Solarized Colors with Twitter-Bootstrap?

Trying out rendering my notebook using Ethan Schoonover’s Solarized color scheme. The solarized palette has been selected according to Ethan’s exacting standards for contrast, symmetry, and readability.

My site CSS is built with Twitter-Bootstrap, which uses LESS to generate CSS files. Normal CSS is valid LESS code too, but doesn’t have the concept of a variable. So changing colors in CSS requires changing each and every occurance of some hex colorcode. LESS just lets you define the color as a variable, such as @red: #dc322f; or @background: #fdf6e3;, and then use @red or @background throughout the CSS. It helps you avoid repetition in lots of other ways too, but having variables was enough to get me going.

I mapped all the twitter-bootstrap color variables to the 16-color Solarized palette in my variables.less file. I wanted the ability to render the site with either the dark or light background schemes, which required customizing quite a few of the other Twitter Bootstrap LESS files – it seems Bootstrap was build with exclusively light backgrounds in mind. Solarized accent colors are chosen to provide identical contrast on either background, but the base gray colors are slightly different for light and dark. The Solarized palette indicates which colors are designed for body text, comments and secondary text, background highlights, and optionally, for emphasized content, as described in the usage and development documentation. Overall it’s nice to have a new look to the site, but it has raised a couple questions on which I’d be happy to hear more opinions.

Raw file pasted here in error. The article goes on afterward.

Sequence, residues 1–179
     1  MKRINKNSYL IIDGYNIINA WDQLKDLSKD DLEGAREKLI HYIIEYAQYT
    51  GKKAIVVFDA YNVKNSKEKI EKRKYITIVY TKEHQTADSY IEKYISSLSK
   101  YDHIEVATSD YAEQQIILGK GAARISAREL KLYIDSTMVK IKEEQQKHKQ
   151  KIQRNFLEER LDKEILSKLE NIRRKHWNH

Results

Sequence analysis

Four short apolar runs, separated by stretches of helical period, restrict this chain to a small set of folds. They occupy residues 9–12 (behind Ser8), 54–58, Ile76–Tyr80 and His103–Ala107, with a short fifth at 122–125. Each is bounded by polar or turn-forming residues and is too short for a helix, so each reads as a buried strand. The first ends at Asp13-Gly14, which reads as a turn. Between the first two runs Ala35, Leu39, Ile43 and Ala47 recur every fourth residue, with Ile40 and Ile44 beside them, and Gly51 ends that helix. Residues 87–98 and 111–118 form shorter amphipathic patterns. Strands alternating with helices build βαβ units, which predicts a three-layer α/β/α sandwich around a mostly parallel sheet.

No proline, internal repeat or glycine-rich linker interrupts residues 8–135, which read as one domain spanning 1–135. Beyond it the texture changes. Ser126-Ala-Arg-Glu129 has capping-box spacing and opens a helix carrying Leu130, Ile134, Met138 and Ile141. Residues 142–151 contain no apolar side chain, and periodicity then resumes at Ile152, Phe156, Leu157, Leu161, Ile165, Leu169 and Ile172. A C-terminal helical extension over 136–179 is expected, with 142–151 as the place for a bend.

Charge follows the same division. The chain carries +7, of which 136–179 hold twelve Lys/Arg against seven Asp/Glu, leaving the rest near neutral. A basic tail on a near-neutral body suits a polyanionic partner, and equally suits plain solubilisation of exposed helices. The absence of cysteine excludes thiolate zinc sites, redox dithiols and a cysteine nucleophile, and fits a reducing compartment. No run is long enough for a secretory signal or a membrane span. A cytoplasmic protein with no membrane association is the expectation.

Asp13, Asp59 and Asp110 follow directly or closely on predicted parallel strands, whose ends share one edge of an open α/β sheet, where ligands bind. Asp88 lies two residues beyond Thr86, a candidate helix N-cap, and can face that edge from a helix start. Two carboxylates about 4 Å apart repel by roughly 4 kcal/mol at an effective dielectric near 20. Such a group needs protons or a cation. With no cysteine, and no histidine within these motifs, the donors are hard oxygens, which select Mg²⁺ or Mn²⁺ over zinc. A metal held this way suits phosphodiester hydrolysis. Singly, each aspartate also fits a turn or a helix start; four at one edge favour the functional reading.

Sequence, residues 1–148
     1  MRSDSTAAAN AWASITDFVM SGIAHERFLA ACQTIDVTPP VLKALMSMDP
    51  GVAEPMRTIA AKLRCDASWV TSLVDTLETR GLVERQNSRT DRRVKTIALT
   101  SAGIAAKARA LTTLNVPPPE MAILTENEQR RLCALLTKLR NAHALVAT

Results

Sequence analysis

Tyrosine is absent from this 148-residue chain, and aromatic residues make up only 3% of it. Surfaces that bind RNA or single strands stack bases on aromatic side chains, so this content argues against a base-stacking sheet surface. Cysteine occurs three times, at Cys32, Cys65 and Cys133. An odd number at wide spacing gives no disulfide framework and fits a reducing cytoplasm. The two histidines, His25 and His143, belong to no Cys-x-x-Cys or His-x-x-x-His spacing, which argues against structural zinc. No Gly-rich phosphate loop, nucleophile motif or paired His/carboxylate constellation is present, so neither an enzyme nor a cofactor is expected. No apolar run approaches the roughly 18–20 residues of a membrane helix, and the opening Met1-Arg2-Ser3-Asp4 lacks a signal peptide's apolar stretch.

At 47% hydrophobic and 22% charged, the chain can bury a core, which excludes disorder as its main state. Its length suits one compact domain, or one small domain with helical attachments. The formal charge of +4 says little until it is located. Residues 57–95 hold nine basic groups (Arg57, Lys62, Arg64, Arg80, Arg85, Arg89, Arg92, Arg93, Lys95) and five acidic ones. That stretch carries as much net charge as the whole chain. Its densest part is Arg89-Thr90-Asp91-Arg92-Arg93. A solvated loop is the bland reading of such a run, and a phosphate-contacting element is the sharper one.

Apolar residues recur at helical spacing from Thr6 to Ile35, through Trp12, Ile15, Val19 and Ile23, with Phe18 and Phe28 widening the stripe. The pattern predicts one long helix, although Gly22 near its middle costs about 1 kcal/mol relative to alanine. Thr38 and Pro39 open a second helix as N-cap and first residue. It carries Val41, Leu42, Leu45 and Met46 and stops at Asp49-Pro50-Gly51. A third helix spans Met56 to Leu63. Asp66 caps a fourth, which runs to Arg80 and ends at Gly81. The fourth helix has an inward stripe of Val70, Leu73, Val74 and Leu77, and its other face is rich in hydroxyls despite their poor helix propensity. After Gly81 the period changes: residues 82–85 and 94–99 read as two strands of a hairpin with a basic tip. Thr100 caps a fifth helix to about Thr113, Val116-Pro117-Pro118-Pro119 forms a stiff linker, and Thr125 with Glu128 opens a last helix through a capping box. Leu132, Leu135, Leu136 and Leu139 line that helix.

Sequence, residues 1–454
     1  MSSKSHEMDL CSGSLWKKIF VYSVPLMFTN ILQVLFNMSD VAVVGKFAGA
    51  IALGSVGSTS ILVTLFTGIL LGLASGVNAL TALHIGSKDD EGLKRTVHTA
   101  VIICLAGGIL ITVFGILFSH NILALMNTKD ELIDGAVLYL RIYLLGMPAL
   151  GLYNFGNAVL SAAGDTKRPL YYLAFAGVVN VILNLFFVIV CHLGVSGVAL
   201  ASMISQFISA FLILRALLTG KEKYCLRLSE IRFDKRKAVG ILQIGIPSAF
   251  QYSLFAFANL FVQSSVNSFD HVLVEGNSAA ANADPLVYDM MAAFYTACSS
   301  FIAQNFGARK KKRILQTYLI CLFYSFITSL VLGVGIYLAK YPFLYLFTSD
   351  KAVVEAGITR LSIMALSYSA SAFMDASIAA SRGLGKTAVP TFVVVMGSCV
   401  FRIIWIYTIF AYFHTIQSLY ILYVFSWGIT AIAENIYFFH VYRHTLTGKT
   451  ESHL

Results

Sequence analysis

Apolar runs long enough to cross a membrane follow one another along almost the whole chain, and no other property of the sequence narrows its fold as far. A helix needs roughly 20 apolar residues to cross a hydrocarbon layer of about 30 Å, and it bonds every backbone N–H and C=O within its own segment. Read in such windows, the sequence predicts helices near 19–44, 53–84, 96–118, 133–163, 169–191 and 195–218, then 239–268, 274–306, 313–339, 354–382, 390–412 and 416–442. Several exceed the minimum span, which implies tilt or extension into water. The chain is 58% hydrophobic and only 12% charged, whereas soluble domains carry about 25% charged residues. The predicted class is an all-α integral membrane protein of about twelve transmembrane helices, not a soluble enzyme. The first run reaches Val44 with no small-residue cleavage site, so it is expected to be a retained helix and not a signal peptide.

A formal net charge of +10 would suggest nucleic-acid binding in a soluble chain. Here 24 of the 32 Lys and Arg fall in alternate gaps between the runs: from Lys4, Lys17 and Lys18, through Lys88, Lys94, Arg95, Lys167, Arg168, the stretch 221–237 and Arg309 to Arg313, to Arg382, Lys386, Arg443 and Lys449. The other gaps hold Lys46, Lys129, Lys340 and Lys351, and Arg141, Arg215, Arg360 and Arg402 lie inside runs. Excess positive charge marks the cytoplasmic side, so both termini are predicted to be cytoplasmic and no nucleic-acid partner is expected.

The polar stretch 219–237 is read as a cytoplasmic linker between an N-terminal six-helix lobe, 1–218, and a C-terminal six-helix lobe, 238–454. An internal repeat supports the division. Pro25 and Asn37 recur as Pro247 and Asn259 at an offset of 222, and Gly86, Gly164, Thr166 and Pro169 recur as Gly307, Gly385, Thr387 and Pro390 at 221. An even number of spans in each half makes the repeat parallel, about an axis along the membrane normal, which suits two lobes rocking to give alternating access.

• Links in blue? yellow? Or a more subtle base color?
  • Light or dark background prefered?
  • Should code blocks be rendered in the inverse background scheme, or a matching one?
  • Do the navbar colors work? should they come from the inverse scheme?
  • Would a stronger contrast in colors be more readable?
  • other reactions?

Here are a few screenshots in the different themes, varying the codeblock colors as well:


  • My black icons in the footer and lab-notebook homepage do not render well in the dark theme.
  • Button text doesn’t render well in the dark theme
  • My flickr-hosted figures render with a white background even if I generate transparent-background pngs, since flickr converts them to jpg.


  • I have added a little javascript to allow the user to toggle the theme between dark and light (see switch-css.js)